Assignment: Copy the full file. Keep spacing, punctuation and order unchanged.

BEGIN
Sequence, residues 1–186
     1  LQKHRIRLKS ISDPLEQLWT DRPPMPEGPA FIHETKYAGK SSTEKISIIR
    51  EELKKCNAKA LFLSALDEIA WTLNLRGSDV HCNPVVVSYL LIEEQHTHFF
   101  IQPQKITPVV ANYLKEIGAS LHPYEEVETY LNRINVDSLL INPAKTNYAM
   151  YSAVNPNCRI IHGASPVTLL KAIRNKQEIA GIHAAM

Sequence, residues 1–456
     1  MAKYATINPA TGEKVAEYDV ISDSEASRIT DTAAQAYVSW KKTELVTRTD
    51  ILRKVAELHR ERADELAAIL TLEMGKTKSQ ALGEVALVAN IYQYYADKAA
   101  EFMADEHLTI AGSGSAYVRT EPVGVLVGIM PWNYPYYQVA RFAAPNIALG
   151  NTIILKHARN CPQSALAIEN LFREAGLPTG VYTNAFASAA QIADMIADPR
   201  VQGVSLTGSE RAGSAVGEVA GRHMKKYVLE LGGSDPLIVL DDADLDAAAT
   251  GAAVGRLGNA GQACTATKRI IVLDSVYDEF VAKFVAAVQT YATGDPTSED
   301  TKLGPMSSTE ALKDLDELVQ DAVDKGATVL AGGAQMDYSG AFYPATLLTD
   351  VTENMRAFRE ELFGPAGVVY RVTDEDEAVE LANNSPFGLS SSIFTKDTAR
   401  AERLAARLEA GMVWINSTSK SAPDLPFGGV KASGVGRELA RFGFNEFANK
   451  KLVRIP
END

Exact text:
Sequence, residues 1–186
     1  LQKHRIRLKS ISDPLEQLWT DRPPMPEGPA FIHETKYAGK SSTEKISIIR
    51  EELKKCNAKA LFLSALDEIA WTLNLRGSDV HCNPVVVSYL LIEEQHTHFF
   101  IQPQKITPVV ANYLKEIGAS LHPYEEVETY LNRINVDSLL INPAKTNYAM
   151  YSAVNPNCRI IHGASPVTLL KAIRNKQEIA GIHAAM

Sequence, residues 1–456
     1  MAKYATINPA TGEKVAEYDV ISDSEASRIT DTAAQAYVSW KKTELVTRTD
    51  ILRKVAELHR ERADELAAIL TLEMGKTKSQ ALGEVALVAN IYQYYADKAA
   101  EFMADEHLTI AGSGSAYVRT EPVGVLVGIM PWNYPYYQVA RFAAPNIALG
   151  NTIILKHARN CPQSALAIEN LFREAGLPTG VYTNAFASAA QIADMIADPR
   201  VQGVSLTGSE RAGSAVGEVA GRHMKKYVLE LGGSDPLIVL DDADLDAAAT
   251  GAAVGRLGNA GQACTATKRI IVLDSVYDEF VAKFVAAVQT YATGDPTSED
   301  TKLGPMSSTE ALKDLDELVQ DAVDKGATVL AGGAQMDYSG AFYPATLLTD
   351  VTENMRAFRE ELFGPAGVVY RVTDEDEAVE LANNSPFGLS SSIFTKDTAR
   401  AERLAARLEA GMVWINSTSK SAPDLPFGGV KASGVGRELA RFGFNEFANK
   451  KLVRIP